Thursday, February 23, 2006

Banjo: Sly Plot of the Devil or Vestigial Remnant of High Culture?

Book Cover: Finding Her Voice--Illustrated History of Women in Country Music

I had read in several sources, including Finding Her Voice: Women in Country Music, 1800-2000, that William Wells Newell (1900, The Journal of American Folklore) and Emma Bell Miles (1904, Harper's Magazine) were the first to publish articles about traditional Appalachian music. That's why I was surprised to find these paragraphs in John Fox's 1898 million-seller novel The Little Shepherd of Kingdom Come. Fox seems to see the music as a metaphor for the mountaineers: "Rude, rough, semi-barbarous, if you will, but simple, natural, honest, sane, earthy--and of the earth whence springs the oak and in time, maybe, the flower of civilization." He often describes the hill people as if they were some raw material--soil to grow the fine civilization of the Bluegrass, or a commodity to be exported to the Bluegrass and molded into noble citizens like our boy Chad Buford. Significantly, Fox was involved with the Jellico coal mines, which also moved raw materials from the Appalachians down to the flatlands, where civilization turned it into money for the mine owners. With one of the first best-sellers of the twentieth century, I reckon you could say he found a way to export the mountaineers and turn a profit, too.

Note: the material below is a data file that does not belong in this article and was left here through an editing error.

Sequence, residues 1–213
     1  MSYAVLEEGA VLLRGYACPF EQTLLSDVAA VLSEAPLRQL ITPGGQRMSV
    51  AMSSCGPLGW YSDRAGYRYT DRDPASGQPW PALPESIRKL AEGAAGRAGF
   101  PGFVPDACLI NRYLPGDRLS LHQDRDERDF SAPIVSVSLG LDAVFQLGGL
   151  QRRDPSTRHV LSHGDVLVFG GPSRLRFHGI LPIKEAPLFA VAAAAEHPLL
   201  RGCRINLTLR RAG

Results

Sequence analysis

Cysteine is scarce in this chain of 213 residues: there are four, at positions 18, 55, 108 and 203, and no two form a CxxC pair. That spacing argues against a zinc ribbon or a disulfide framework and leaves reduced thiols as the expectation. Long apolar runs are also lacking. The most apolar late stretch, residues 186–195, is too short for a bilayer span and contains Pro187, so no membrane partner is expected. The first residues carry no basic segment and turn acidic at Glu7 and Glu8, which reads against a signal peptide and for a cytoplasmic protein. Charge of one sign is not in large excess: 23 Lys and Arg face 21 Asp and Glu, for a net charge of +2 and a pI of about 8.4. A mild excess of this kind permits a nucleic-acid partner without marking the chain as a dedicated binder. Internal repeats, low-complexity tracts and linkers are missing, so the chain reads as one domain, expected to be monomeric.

But I digress. Here is the earliest description I've seen of traditional Appalachian music and dance, along with an interesting suggestion that it reflects a remnant of noble culture, rather than a pernicious pastime for the missionaries to stamp out.

"Who was that a-pickin' that banjer?"

It was not often that Dolph showed such excitement, but he had good cause, and, when he saw Chad standing, shamefaced and bashful, in the middle of the floor, and Melissa joyously pointing her finger at him, he caught up the banjo from the bed and put it into the boy's hands. "Here, you just play that tune agin!"